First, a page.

Saddle height

Goodrich, Paul - TEB-3 wrote:
|>
|> Seat height is right up there with politics and religion on the list of
|> things that people tend to have pretty fixed notions about, but, for what
|> it’s worth (free, in this case, and probably worth every penny) here’s what I
|> do. I’m about 180 cm tall, of which about 150 cm seems to be legs. There was
|> no way I could ride on the standard Schwinn seat tube, so I had a metal shop
|> create a longer one. What’s comfortable for me is high enough so I can still
|> just about pedal with my heels. This gives me pretty good extension for my
|> leg muscles so they don’t cramp up. (Now several dozen other folks on this
|> list will give you conflicting advice, and you’ll finally come up with
|> something on your own that works for your body and riding style. Have fun!)

Well this is an important topic and should be given proper attention. I think
that it is of cruicial importance. Too low will bring painful knees, too high
makes it difficult to ride. Most good riders prefer a saddle height with the leg
nearly stretched, but the knee can still bend somewhat.

I don’t believe there us much disagreement on the issue of saddle height. I ran
some experiments some years ago, and I believe that for racing, lowering the
seat slightly – just slightly – helps, but there may be racers that disagree.
Here is a quote from my book, ANYONE CAN RIDE A UNICYLE, on the subject.

"…down position (perpendicular to the ground). You should be able to reach the
pedal in this popsition without leaning your body or stretching your leg. That
is, your leg should be extended straight but without any strain. Next, put the
ball of your foor on the down pedal. In this position, your knee should be
slightly bent…

Stay on top,

Jack Halpern, IUF Vice President

Kanji Dictionary Publishing Society 1-3-502 3-Chome Niiza, Niiza-shi, Saitama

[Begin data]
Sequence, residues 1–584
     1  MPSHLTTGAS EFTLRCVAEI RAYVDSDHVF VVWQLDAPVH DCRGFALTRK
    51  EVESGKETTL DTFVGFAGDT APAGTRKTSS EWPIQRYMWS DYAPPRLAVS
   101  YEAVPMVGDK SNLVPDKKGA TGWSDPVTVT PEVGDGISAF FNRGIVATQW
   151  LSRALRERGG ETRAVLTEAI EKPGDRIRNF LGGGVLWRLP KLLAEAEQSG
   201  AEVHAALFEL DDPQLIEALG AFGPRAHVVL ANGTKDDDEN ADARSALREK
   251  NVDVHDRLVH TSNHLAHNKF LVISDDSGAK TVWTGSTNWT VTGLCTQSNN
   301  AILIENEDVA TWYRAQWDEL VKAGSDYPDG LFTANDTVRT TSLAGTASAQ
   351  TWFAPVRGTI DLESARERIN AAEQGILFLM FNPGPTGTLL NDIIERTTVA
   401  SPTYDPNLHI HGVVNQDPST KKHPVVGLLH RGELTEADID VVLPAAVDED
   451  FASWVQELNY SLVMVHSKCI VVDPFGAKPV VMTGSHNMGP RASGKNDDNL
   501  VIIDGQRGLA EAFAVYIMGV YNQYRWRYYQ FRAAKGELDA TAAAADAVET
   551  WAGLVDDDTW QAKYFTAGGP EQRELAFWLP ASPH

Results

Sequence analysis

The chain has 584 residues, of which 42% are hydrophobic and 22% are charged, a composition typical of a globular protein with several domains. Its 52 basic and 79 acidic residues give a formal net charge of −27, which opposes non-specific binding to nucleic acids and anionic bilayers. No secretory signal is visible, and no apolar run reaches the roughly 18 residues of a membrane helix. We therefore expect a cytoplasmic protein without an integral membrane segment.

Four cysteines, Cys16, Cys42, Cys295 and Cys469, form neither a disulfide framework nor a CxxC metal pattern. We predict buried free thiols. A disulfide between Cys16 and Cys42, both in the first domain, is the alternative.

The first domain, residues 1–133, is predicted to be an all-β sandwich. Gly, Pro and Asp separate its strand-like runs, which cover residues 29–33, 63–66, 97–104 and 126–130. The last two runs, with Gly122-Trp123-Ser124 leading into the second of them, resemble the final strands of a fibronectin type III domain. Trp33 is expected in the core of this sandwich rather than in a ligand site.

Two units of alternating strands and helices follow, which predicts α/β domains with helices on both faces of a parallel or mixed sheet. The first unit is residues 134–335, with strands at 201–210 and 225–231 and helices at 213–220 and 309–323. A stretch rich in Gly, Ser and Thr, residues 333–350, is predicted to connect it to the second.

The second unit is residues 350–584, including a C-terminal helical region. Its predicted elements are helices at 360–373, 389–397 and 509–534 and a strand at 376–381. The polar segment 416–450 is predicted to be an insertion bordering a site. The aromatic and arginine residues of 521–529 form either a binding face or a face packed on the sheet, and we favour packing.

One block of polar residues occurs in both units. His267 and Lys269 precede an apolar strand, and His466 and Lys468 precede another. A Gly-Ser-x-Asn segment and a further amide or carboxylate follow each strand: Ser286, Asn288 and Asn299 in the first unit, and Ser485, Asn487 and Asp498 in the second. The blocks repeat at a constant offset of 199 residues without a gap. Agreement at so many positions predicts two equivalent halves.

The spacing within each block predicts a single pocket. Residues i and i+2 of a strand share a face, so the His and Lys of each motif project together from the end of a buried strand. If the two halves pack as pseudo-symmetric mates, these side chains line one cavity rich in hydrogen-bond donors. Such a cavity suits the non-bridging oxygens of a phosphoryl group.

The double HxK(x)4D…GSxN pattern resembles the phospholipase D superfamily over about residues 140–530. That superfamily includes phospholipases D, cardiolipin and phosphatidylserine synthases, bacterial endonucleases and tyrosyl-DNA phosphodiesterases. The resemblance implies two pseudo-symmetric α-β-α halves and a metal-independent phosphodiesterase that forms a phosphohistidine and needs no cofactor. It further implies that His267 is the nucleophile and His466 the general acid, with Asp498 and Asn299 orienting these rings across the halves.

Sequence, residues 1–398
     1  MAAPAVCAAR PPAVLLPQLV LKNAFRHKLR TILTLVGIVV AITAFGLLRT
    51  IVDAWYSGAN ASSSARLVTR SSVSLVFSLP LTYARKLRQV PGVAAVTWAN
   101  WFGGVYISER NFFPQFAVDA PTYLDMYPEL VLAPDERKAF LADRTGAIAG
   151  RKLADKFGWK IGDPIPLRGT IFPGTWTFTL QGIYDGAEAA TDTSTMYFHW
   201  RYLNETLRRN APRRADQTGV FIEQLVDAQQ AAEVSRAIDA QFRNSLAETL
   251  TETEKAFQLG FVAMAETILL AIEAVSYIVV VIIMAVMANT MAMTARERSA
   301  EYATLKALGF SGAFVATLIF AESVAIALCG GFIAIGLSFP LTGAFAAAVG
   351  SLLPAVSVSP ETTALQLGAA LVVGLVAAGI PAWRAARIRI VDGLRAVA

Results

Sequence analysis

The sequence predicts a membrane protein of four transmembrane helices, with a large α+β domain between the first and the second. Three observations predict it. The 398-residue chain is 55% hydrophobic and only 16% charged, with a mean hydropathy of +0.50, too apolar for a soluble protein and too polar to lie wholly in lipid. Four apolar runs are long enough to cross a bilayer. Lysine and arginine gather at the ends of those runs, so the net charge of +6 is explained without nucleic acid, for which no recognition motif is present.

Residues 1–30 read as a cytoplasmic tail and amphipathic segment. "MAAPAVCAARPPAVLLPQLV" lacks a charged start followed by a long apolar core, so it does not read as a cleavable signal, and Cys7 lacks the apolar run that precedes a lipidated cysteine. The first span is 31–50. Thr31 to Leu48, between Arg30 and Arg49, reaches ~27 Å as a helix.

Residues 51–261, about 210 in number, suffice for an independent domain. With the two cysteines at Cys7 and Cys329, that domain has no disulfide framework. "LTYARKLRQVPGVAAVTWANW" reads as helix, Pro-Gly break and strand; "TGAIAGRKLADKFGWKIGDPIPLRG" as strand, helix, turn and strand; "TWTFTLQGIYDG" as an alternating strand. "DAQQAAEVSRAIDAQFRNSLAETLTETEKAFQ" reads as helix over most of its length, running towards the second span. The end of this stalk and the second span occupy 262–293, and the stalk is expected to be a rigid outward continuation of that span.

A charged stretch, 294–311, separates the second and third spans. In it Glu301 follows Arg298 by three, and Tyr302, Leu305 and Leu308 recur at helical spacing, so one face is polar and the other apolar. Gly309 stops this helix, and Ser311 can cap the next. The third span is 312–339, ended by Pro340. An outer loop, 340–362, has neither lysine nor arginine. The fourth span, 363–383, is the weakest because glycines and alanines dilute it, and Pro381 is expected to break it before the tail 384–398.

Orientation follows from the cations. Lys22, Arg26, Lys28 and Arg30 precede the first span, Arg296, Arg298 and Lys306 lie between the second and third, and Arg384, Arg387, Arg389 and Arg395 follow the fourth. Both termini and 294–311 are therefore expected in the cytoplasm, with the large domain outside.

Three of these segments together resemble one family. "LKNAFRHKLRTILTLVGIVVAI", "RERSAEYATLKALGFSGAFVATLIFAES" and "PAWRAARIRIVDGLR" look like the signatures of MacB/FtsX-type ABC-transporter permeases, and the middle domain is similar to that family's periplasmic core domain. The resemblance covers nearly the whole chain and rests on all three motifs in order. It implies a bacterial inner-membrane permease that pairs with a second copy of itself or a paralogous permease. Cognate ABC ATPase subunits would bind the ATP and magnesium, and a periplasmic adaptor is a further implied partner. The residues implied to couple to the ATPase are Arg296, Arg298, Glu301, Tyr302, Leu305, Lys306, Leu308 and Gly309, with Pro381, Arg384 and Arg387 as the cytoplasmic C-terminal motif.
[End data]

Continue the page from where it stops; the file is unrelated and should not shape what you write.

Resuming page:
352 JAPAN Voice: +81-048-481-3103 Fax: +81-048-479-1323

Re: Saddle height

Jack Halpern wrote:

>"…down position (perpendicular to the ground). You should be able to reach
>the pedal in this position without leaning your body or
^^^^^^^^^^^^^ I assume this position means your heel is
on the pedal. (Note: This is done only to determine the
correct seat height. No one seriously rides with a heel
on pedal position.)

>stretching your leg. That is, your leg should be extended straight but without
>any strain. Next, put the ball of your foot on the down pedal. In this
>position, your knee should be slightly bent…

With the above clarification, I agree with this statement totally for a
generally correct saddle height.

For big wheel riding and standard (24") unicycle racing, I prefer the saddle
height to be between a half inch and one inch higher than normal. Since the legs
don’t bend as much when the saddle is higher, the momentum of the legs moving
back and forth is less, thus wheel wobble should be less as well. Wheel wobble
(like bobbing the head up and down in running) is just a waste of energy.

Let’s hear something from the racing experts concerning saddle height!

Stay on Top with perfect saddle height,

Ken Fuchs <kfuchs@winternet.com